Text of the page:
Title

Security challenges and air quality management in india: Emissions inventory and forecasting estimates

Publication Name

Atmosphere

Abstract

The defense and peace literature have focused mainly on the military-growth nexus, with little attention paid to the environmental sustainability agenda, which is impacted by increased global arms transfers. The supply of lead-containing ammunition generates complex gas mixtures (including CO2 emissions) and particulates that harm the healthcare sustainability agenda. Based on the significance of the subject matter, the study uses the Indian economy as a case study, with a significant rate of arms transfers associated with higher carbon emissions. The study analyzed data from more than four decades, from 1975 to 2020. Data on arms imports, military personnel, and military expenditures are used to evaluate the ‘ammunition emissions function’. It corresponds to the three research hypotheses, namely, the ‘emissions-defense burden hypothesis’ (arms transfers increase carbon emissions), the ‘emissions-cleaner hypothesis’ (arms transfers reduce carbon emissions), and the ‘emissions-asymmetric hypothesis’ (positive and negative shocks of arms transfers either support the ‘defense burden hypothesis’ or ‘cleaner hypothesis’). The non-linear autoregressive distributed lag (NARDL) results confirmed the ’emissions-defense burden hypothesis‘ in the long run, as positive and negative shocks from arms imports increase carbon emissions. However, in the short run, positive arms imports increase carbon emissions while negative arms imports decrease carbon emissions. Furthermore, the findings supported the ’emissions-cleaner hypothesis‘ in the relationship between armed forces personnel and carbon emissions. The findings imply that the positive and negative shocks experienced by armed forces personnel reduce carbon emissions in the short and long run. Positive shocks to military spending support the ’emissions-defense burden hypothesis‘ in the short run; however, the results vanished when negative shocks to military spending supported the ’emissions-spillover hypothesis‘ (lowering military spending reduces carbon emissions and increases economic productivity) in the short and long run. The country’s unsustainable economic activities are viewed as a negative factor contributing to long-term carbon emissions increases. The negative shocks of armed forces personnel and positive arms imports would almost certainly have a significant long-term impact on carbon emissions. As a result, the ‘treadmill theory of destruction’ has been confirmed in a country. The study concludes that lead-free ammunition and managing ammunition safety are beneficial to a country’s environmental sustainability agenda.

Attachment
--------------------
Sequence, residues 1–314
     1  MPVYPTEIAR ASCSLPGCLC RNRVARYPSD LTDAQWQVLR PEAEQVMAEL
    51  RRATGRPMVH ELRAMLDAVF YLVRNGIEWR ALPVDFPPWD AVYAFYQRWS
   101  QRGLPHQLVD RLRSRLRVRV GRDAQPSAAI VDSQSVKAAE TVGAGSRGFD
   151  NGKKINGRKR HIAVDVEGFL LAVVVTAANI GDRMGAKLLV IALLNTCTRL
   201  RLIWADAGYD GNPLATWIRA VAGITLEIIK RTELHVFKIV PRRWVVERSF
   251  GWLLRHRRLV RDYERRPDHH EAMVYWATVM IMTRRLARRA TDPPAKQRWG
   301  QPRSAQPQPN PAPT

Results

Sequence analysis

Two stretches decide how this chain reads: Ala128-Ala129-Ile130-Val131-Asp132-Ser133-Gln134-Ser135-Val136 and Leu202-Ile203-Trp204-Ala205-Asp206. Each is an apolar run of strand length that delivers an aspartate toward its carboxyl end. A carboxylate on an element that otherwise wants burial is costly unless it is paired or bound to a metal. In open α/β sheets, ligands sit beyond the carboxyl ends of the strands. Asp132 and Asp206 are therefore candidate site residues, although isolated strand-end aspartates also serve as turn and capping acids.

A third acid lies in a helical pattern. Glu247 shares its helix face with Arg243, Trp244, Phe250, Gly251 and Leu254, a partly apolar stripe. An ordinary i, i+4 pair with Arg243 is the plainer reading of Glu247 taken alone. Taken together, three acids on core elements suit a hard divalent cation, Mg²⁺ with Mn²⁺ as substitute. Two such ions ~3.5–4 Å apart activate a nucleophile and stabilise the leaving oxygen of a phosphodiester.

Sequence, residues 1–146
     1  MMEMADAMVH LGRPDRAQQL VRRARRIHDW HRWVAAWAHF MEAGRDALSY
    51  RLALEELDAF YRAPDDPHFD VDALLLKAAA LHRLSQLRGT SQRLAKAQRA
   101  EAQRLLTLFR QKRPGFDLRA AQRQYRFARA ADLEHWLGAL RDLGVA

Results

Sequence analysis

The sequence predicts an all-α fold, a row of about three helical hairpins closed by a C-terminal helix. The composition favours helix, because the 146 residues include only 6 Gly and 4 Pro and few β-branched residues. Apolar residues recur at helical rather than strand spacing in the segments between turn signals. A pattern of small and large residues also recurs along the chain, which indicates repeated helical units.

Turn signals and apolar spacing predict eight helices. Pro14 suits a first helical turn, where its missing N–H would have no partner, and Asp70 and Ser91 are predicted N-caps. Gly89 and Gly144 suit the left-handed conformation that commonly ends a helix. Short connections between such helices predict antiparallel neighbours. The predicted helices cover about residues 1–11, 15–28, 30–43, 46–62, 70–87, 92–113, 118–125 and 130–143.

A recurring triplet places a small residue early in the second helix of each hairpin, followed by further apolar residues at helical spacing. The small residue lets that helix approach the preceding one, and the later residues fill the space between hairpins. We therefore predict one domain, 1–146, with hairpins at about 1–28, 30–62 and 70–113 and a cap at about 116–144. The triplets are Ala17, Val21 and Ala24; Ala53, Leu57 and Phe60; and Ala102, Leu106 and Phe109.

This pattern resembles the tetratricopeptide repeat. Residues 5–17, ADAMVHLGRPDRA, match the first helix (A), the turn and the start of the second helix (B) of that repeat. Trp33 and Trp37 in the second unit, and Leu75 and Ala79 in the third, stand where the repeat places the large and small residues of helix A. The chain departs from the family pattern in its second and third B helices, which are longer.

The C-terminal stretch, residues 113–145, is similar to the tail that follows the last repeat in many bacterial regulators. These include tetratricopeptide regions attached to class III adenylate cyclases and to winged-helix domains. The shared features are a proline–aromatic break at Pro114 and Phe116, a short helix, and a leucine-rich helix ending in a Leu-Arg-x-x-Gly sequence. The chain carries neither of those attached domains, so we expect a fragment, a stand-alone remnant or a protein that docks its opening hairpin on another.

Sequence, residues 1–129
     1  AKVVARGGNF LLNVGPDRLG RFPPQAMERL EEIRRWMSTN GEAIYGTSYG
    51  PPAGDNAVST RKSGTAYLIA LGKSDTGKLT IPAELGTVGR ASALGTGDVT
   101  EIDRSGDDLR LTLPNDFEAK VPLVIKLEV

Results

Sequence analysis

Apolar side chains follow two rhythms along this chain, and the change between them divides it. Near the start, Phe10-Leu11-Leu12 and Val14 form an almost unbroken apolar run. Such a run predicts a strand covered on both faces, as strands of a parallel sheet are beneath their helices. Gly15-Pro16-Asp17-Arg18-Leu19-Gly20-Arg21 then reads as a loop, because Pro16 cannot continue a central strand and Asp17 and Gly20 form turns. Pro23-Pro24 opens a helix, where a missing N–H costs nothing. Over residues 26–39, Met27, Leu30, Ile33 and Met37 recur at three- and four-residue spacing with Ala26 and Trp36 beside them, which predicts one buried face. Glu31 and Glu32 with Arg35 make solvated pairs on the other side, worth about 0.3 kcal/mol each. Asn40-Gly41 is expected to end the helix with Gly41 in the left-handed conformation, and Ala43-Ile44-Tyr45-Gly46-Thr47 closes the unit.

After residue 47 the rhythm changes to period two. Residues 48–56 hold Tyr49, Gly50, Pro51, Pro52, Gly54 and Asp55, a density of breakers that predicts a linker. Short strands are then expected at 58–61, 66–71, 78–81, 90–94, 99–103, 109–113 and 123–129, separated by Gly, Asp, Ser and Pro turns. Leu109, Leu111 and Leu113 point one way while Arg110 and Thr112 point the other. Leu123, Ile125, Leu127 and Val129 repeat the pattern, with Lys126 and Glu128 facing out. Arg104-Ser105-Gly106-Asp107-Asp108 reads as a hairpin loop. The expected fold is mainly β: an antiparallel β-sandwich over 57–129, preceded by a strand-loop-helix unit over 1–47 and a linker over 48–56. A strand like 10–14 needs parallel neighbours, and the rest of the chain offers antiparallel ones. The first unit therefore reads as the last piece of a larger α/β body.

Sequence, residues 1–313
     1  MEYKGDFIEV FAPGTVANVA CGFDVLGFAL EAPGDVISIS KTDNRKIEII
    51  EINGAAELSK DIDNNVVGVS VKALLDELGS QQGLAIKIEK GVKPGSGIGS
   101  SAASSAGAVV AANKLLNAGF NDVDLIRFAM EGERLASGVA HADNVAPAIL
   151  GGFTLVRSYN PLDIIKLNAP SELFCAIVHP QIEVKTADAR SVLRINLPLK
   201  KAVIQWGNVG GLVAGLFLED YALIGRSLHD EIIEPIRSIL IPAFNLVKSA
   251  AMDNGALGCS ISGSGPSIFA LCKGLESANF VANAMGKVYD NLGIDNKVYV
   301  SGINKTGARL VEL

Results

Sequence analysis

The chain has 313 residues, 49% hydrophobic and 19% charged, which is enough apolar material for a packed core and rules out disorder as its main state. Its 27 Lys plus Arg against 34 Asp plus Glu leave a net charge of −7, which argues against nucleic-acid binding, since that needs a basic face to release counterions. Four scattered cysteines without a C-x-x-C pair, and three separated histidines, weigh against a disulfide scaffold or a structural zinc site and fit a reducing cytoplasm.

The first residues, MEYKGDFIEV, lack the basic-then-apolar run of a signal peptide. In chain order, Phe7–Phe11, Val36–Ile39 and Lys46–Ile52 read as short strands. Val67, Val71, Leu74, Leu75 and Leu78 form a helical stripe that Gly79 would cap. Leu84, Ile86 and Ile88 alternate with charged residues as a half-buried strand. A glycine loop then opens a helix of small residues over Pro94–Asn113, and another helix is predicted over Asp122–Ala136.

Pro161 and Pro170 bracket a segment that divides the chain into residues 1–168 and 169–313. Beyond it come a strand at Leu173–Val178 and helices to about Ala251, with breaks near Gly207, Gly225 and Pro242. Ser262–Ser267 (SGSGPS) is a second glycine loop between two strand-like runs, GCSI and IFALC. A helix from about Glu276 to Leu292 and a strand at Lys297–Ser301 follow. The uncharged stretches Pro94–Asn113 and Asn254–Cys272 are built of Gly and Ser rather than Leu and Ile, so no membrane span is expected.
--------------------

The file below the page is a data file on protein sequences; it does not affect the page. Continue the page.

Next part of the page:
Open Access Status

This publication may be available as open access

Volume

12

Issue

12

Article Number

1644

Funding Sponsor

King Saud University

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Link to publisher version (DOI)

http://dx.doi.org/10.3390/atmos12121644